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Regional Armies Struggle with Last Push in Campaign against Boko Haram | ASHARQ AL-AWSAT English Archive 2005 -2017
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People sitting on a car, leave Diffa, southeastern Niger, on June 15, 2016, following attacks by Boko Haram in the region. Boko Haram on June 9 attacked a military post in Bosso in Niger’s Diffa region, killing 26 soldiers including two from neighbouring Nigeria, in one of its deadliest attacks in Niger. Niger and Chad’s troops will engage “immediately” while Nigeria will launch an operation from the south of its territory and Cameroon will push forward from the east flank. The objective is to trap Boko Haram “in a pincer movement”, the defence minister said. / AFP

Surrounded with dozens-strong security detail for protection, Niger’s Interior Minister Mohamed Bazoum addressed a crowd of refugees seated quietly on dusty, sun-baked flats.

“You’ll all be able to go home soon. Boko Haram is nearly finished,” Said Bazoum, a statement which was perceived to be overly optimistic.

Seven years into an insurgency that spread from Nigeria into Chad, Niger and Cameroon, regional armies are now in a final push to defeat Boko Haram, a deadly ultra-hardline militant group.

But lingering divisions in the countries’ multi-national joint task force (MNJTF) are complicating that mission.

“If there’s no strategy to attack Boko Haram together, we won’t ever finish with them,” Mahamadou Liman Ali, an opposition lawmaker from southern Niger, said when speaking to Reuters in Niamey.

At a time when the world’s wealthy nations are focused on the fight against ISIS and al Qaeda, financial support for the MNJTF’s efforts against Boko Haram, which has pledged its allegiance to ISIS, have fallen short of targets.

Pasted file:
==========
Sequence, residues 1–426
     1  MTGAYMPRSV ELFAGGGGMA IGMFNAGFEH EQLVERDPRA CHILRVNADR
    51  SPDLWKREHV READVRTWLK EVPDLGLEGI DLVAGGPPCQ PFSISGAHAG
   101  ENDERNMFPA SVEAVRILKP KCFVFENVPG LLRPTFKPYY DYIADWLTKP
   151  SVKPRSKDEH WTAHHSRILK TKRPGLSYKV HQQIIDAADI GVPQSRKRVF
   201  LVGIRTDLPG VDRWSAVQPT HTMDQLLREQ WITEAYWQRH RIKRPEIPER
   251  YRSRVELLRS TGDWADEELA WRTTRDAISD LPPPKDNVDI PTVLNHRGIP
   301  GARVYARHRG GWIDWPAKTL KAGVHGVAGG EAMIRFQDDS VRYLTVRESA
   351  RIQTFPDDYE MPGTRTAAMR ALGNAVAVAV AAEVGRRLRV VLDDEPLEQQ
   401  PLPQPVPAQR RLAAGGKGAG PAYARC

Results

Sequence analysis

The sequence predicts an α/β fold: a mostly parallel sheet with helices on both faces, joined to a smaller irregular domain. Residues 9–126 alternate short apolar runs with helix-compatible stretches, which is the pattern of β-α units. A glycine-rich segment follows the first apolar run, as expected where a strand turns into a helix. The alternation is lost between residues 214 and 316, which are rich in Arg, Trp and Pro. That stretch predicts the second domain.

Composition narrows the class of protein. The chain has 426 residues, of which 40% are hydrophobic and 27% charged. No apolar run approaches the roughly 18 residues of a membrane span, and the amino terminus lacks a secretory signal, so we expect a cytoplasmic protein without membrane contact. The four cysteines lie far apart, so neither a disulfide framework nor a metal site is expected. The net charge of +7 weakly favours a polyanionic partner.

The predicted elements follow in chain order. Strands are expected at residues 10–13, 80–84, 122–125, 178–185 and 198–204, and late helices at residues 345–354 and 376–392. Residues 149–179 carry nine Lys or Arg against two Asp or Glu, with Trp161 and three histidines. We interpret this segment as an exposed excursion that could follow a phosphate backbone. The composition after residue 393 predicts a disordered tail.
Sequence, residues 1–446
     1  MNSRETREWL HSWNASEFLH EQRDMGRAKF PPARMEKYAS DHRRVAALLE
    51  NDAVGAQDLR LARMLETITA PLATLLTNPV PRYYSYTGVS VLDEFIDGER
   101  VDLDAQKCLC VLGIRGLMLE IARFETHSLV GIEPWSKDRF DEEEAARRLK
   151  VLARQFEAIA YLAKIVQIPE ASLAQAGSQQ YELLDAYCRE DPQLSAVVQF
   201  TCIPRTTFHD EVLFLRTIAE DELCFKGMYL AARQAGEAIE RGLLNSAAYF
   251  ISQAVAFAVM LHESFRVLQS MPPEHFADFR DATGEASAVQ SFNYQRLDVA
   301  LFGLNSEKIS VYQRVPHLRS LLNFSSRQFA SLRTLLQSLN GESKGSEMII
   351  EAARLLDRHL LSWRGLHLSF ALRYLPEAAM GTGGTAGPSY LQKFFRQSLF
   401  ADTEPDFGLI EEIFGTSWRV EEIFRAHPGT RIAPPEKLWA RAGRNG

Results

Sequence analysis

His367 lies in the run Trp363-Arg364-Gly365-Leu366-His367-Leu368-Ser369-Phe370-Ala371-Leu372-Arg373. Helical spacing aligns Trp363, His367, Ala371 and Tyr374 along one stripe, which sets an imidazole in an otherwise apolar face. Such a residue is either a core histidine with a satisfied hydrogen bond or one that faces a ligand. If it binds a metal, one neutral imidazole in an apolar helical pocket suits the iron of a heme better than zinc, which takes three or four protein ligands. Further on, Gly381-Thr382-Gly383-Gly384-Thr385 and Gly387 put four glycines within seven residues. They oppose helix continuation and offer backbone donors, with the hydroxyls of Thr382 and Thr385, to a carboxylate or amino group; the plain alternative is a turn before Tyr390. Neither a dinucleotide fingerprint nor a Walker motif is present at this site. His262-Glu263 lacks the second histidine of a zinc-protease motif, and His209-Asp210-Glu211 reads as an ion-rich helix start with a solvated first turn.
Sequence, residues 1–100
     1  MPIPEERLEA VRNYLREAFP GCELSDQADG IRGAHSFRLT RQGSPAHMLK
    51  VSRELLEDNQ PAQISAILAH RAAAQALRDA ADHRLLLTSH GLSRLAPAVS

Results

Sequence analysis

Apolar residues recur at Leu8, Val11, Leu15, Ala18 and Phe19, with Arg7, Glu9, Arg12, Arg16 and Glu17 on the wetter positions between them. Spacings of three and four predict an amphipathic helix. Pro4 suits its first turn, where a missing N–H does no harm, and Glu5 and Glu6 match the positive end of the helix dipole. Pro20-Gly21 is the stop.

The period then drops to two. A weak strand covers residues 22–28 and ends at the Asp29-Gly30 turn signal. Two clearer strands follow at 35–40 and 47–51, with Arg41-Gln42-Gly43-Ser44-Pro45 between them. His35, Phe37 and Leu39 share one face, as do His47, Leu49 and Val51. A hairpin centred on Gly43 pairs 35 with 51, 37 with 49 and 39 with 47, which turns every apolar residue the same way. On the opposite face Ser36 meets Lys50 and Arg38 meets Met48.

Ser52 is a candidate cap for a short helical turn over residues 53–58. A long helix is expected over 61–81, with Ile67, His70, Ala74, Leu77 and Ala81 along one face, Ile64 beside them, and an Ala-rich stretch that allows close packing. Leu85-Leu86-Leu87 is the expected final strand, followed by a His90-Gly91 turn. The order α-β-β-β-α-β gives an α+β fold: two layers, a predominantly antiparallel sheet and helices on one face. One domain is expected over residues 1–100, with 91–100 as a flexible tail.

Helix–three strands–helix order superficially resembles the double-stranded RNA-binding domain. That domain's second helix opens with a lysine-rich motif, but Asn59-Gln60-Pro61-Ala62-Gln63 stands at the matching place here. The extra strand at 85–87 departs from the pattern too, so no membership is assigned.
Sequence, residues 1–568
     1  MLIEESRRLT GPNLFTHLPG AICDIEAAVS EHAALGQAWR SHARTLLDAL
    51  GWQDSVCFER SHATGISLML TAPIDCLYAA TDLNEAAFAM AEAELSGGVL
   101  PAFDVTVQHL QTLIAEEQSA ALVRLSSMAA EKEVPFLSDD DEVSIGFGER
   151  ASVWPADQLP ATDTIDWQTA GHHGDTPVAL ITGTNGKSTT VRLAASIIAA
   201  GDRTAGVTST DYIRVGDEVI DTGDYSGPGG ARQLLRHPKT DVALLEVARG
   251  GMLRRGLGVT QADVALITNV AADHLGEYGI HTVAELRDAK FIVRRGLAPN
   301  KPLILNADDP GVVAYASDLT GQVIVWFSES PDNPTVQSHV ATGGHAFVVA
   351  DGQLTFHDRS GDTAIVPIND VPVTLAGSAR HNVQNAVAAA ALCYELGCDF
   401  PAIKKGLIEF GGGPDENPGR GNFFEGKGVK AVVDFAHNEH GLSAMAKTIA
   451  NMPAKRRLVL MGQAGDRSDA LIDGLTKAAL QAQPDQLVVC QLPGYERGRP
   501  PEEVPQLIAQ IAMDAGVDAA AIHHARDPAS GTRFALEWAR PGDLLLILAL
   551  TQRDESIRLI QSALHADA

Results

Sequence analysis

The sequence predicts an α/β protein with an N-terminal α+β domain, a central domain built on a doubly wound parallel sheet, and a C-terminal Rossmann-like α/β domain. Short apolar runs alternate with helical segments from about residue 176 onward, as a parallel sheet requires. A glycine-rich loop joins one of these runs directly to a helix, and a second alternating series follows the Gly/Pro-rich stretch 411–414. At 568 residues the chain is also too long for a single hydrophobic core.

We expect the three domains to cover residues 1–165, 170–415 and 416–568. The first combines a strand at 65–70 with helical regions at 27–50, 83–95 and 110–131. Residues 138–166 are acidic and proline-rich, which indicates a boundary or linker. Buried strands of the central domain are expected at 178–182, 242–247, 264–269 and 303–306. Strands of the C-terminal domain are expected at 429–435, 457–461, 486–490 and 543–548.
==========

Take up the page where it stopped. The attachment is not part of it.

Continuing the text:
That has left the task force’s members – including Chad, the region’s capable but increasingly reluctant military powerhouse – to shoulder the bulk of the costs of fighting the group.

Boko Haram’s victims, which include 2.4 million displaced, live in hope that this month-old offensive – dubbed Operation Gama Aiki, literally means “finish the job” in the local Hausa dialect – might succeed where others have failed.

Some have doubts. From where he stays in southern Niger, refugee Usman Kanimbu sees smoke rising from the coalition’s air strikes on insurgent positions in Nigeria, the home he fled.

The skies above the borderlands now rumble daily with the sound of fighter jets. Chadian troops have ventured onto Lake Chad, a Boko Haram stronghold. Regional military officers say they are taking back ground from the insurgents.

The task force may indeed be making headway against Boko Haram, which has fewer footholds than it once did. Its leader, Abubakar Shekau, is assumed be dead.

However, the need for operational integration in the fight against an enemy that knows no borders was further revealed during a similar regional offensive early last year.

After troops from Chad and Niger drove Boko Haram from a string of towns in Nigeria’s far north, they waited in vain for the Nigerian army to arrive and hold them.

The AU has struggled to rally contributors to foot the bill for the MNJTF’s $700 million budget, however. Donors, led by Nigeria and France, pledged $250 million in February, just over a third of what was needed, but dispersal has been slow. The United States has also aided with intelligence and training.